Conservation status

They are a priority species in the UK Post-2010 Biodiversity Framework and are protected in the UK under the Wildlife and Countryside Act, 1981.

How we can help them

Natterjack toads are present at our Caerlaverock reserve. They use temporary ponds on both saltmarshes and inland pools. The numbers of natterjack toads have seriously declined at Caerlaverock in the last few years and we have increased our surveys and monitoring efforts to try and establish the cause.

4. Spoon-billed sandpiper (Scientific name: Calidris pygmaea)

The spoon-billed sandpiper is perilously close to extinction. Its numbers recently plummeted to fewer than 200 pairs worldwide.

This adorable, small and very rare migratory bird – or “spoonie” as it is affectionately known – has a beak the shape of a spoon and a red-brown head, neck and breast.

It spends the winter on the vast wetlands of South Asia, making incredible migrations across the continent to its breeding grounds on the Russian tundra.

Conservation status

They are listed as Critically Endangered on the global IUCN Red List of Threatened Species.

How we can help them

We’ve been working alongside a wide range of people and organisations to halt the decline of the spoonie. The Spoon-billed Sandpiper Project is truly international and collaborative in effort, involving conservation breeding, headstarting and satellite tracking. But their fate still hangs in the balance.

5. European eel (Scientific name: Anguilla Anguilla)

Photo: Neil Aldridge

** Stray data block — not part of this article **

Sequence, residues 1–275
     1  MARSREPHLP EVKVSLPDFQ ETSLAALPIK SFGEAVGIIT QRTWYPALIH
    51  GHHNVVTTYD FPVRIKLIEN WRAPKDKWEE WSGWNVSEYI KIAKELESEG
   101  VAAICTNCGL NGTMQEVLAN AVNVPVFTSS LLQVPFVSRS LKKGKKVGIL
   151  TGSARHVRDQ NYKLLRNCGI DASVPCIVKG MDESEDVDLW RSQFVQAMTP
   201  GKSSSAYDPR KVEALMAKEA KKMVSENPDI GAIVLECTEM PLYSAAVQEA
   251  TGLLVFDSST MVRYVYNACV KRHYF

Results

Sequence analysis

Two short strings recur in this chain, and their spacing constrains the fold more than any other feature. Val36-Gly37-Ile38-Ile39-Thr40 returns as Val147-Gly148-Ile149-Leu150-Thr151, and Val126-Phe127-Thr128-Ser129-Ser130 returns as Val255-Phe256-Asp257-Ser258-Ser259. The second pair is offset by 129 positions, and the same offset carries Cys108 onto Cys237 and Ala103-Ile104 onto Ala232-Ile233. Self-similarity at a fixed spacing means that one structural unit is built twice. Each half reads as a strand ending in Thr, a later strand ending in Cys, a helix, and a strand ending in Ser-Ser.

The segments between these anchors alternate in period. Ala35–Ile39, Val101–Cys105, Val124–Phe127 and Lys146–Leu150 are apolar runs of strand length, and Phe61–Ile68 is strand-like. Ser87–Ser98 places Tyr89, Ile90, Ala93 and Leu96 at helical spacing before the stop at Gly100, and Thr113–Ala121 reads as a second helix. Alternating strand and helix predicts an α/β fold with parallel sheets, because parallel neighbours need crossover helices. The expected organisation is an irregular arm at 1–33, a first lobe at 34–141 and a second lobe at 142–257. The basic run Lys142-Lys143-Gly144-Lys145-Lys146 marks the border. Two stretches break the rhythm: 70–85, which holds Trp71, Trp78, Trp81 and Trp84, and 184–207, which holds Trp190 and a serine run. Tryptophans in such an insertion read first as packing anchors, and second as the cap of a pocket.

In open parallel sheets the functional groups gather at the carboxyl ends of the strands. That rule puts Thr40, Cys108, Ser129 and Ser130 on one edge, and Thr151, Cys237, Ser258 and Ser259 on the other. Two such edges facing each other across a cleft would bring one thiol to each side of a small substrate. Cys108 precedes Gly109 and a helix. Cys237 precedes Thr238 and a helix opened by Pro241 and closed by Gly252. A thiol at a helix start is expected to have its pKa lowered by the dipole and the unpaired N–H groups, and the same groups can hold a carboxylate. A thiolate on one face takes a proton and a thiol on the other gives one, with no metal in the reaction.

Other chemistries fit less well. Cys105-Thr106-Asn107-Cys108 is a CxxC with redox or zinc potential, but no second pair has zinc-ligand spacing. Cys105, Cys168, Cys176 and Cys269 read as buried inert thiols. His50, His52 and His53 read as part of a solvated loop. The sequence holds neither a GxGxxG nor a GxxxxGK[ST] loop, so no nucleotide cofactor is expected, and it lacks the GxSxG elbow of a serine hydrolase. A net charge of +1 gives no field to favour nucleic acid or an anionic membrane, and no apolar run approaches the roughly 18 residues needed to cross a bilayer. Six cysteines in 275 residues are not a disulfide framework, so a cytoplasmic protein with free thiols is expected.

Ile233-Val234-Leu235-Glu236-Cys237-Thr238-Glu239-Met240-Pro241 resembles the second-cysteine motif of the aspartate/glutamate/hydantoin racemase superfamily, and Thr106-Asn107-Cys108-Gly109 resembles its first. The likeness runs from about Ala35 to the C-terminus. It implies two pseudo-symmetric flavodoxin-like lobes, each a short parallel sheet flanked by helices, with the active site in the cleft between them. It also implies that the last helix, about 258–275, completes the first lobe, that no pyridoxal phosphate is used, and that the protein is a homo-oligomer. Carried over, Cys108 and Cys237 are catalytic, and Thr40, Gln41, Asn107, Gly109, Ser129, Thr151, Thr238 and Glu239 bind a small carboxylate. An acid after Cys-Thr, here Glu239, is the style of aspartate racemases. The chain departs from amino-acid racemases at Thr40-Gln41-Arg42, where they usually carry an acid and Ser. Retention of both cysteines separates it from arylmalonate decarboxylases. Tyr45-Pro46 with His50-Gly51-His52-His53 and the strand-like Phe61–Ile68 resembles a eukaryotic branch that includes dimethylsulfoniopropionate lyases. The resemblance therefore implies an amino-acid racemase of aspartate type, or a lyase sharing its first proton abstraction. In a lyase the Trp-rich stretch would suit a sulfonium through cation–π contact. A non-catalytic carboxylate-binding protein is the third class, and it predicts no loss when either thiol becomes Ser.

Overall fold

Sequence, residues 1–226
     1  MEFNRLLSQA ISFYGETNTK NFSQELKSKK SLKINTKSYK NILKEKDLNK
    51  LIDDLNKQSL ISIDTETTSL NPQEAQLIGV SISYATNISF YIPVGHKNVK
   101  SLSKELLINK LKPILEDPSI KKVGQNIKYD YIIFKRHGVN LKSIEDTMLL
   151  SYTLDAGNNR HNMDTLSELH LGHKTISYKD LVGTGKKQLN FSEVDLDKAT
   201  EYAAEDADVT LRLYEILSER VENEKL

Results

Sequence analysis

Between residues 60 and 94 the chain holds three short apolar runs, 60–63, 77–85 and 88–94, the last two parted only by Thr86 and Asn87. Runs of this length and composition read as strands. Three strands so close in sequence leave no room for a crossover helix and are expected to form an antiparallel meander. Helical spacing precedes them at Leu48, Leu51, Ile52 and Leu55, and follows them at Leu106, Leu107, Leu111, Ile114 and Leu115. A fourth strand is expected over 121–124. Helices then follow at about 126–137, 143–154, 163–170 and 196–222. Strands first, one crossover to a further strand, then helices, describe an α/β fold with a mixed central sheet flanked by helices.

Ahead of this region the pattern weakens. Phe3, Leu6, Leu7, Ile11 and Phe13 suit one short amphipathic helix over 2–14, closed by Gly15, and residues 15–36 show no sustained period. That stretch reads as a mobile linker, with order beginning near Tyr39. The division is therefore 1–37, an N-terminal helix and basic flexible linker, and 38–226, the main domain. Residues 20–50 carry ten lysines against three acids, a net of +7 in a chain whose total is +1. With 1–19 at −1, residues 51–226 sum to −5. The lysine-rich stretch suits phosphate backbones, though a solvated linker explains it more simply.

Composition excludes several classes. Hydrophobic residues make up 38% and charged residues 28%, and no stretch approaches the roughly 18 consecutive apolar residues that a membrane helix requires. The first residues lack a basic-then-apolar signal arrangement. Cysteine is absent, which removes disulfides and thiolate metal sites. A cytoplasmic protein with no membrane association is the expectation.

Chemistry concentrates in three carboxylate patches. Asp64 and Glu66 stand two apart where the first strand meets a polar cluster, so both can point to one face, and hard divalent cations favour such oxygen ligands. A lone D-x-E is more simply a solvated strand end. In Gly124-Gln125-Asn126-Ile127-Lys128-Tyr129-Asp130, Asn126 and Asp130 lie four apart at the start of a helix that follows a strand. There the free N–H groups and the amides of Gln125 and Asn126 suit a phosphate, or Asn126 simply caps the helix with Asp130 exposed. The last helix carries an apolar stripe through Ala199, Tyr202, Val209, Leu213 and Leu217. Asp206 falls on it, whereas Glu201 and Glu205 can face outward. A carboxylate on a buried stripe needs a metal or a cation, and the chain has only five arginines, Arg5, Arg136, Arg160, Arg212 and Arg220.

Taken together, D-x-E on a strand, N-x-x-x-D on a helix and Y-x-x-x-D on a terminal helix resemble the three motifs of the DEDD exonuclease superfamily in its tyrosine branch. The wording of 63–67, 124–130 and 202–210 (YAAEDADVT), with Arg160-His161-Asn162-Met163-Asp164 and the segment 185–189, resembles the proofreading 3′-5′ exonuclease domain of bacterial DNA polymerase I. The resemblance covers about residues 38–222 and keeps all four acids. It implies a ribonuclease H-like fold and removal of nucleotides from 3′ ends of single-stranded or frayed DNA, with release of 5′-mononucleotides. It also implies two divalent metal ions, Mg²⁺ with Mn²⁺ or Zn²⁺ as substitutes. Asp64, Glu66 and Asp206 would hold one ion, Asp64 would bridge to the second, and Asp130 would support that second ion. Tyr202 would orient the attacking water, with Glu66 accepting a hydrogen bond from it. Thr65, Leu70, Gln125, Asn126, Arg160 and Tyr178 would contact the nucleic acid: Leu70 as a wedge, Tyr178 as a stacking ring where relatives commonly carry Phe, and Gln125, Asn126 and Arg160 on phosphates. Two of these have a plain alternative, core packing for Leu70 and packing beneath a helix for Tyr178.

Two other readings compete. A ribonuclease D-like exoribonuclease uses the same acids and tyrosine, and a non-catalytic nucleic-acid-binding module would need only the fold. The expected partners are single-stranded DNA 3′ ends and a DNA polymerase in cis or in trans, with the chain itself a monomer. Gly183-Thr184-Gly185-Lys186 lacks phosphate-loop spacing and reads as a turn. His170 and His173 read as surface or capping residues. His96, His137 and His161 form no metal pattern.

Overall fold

The European eel is a curious and fascinating creature. It undertakes an incredibly daunting migration as a young ‘glass’ eel, drifting on the currents from the Sargasso sea in the Caribbean to the colder estuaries of northern Europe.

A suite of threats is implicated in the eels’ demise – weirs and dams, hydropower and water-pumping stations could be blocking their migration pathways from the sea into the freshwater catchments where they grow and mature; overfishing, pesticides and parasites are believed to be part of the problem; and climate change may be shifting the track of the Gulf Stream so that fewer glass eels are hitching a trans-Atlantic ride.

Conservation status

They are listed as Critically Endangered on the global IUCN Red List of Threatened Species.

How we can help them

We're making routes into our reserves as eel-friendly as possible, including installing 'eel passes' to help the glass eels on their journey, and cameras to learn more. We're also conducting research to learn more about what happens during the eels' long lives, and how they use freshwater habitats.

6. Marsh fritillary butterfly (Scientific name: Euphydryas aurinia)

It is one of the most brightly coloured of all the fritillaries butterflies found in Britain, but its fate now hangs in the balance.

With a striking chequered pattern of orange, brown and yellow markings on its wings, the Marsh fritillary gets its common name from the marshy, damp wetlands and grasslands where it makes its home.

Once widespread throughout Britain, its populations plummeted in the 20th century due to habitat loss and fragmentation and it is now restricted to parts of southern England and Wales, the west coast of Scotland and a few sites in Ireland.

Conservation status

They are a priority species in the UK and are protected in the UK under the Wildlife and Countryside Act, 1981.

How we can help them

We’re investigating trialling the reintroduction of the Marsh fritillary at one of our wetland reserves in the UK to help combat the effects of habitat fragmentation.

7. Common crane (Scientific name: Grus grus)

Common cranes were wiped out from Britain 400 years ago after being hunted to extinction for food. Combined with a loss of their natural wetland habitat, the birds were gone from Britain by 1600.

Conservation status